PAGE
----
SWITZERLAND –Climate change poses serious risks to mental health and well-being, and thus countries must make it a priority while taking efforts to tackle the climate crisis, the World Health Organization (WHO) has said.

The findings concur with a recent report by the Intergovernmental Panel on Climate Change (IPCC), published in February this year.

The report revealed that rapidly increasing climate change poses a rising threat to mental health and psychosocial well-being; from emotional distress to anxiety, depression, grief, and suicidal behavior.

A 2021 WHO survey of 95 countries found that only 9 have thus far included mental health and psychosocial support in their national health and climate change plans.

Environmental factors, such as air pollution and food insecurity, along with socioeconomic effects, like forced climate migration and environmental inequities, can all lead to increased levels of stress, trauma or grief linked to climate change.

The climate crisis may be linked to several mental health outcomes, such as climate change anxiety, ecological grief, and “solastalgia,” defined as distress from ecosystem losses caused by environmental change, the brief stated.

Climate-related mental health effects are likely to disproportionately impact vulnerable groups, depending on factors such as socioeconomic status, gender, age, or history of other mental health conditions.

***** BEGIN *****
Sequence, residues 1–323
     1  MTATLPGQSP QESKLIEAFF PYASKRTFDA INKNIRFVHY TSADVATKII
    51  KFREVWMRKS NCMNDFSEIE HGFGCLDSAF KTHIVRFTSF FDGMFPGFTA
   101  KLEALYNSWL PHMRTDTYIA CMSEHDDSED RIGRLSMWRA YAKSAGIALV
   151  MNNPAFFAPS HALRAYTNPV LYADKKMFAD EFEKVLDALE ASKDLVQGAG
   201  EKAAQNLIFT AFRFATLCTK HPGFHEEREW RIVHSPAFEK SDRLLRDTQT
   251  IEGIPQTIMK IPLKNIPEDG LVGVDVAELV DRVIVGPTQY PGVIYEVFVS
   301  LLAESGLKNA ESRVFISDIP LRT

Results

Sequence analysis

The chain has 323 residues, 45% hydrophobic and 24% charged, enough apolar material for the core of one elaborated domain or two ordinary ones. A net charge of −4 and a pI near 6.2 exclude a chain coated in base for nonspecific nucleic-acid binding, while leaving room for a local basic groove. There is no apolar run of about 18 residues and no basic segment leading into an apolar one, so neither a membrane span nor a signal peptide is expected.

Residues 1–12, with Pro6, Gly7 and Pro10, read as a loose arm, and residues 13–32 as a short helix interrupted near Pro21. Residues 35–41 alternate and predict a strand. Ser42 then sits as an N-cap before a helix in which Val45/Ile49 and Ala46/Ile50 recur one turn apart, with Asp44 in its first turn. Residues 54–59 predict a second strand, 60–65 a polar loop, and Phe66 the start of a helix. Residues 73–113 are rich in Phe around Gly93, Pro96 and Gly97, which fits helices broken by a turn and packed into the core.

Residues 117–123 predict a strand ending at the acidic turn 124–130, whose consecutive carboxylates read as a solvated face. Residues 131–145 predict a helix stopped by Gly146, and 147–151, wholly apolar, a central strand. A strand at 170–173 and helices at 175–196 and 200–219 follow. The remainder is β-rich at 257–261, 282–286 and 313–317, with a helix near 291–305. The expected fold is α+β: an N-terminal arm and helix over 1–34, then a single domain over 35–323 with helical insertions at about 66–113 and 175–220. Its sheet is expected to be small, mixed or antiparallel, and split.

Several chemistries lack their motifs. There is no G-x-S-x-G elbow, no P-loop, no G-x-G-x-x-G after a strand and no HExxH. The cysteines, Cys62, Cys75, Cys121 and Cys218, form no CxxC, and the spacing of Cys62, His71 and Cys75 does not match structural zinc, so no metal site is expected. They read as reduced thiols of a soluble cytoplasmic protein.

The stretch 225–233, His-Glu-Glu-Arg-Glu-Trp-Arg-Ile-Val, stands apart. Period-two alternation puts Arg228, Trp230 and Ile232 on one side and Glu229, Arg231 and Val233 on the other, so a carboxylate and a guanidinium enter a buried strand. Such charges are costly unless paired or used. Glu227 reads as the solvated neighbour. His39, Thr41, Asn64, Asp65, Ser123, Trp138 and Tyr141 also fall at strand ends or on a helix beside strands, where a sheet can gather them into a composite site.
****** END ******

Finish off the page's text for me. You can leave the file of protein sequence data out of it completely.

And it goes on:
The impacts of climate change are increasingly a part of our daily lives, and there is very little dedicated mental health support available for people and communities dealing with climate-related hazards and long-term risk,” Maria Neira, MD, Director of the Department of Environment, Climate Change and Health at WHO.

However, it is clear that climate change affects many of the social determinants that are already leading to massive mental health burdens globally.

The impact of climate change is compounding the already extremely challenging situation for mental health and mental health services globally,” said Dévora Kestel, Director of the Department of Mental Health and Substance Abuse at WHO.

In the brief, the WHO outlined five recommendations for nations to improve their climate change mitigation and mental health interventions.

The new WHO policy brief group recommended both integrating climate considerations into mental health support programs and including psychological supports and concerns into nations’ climate action plans.

For example, interventions that increase walking and biking as active transportation could reduce pollution and are also likely to have positive impacts on mental and physical health.

Additionally, WHO’s recommendations included building on global commitments (such as those set in the Paris Agreement), implementing community-based interventions to address the climate crisis, and addressing gaps in funding both for the mental health and physical health impacts of climate change.

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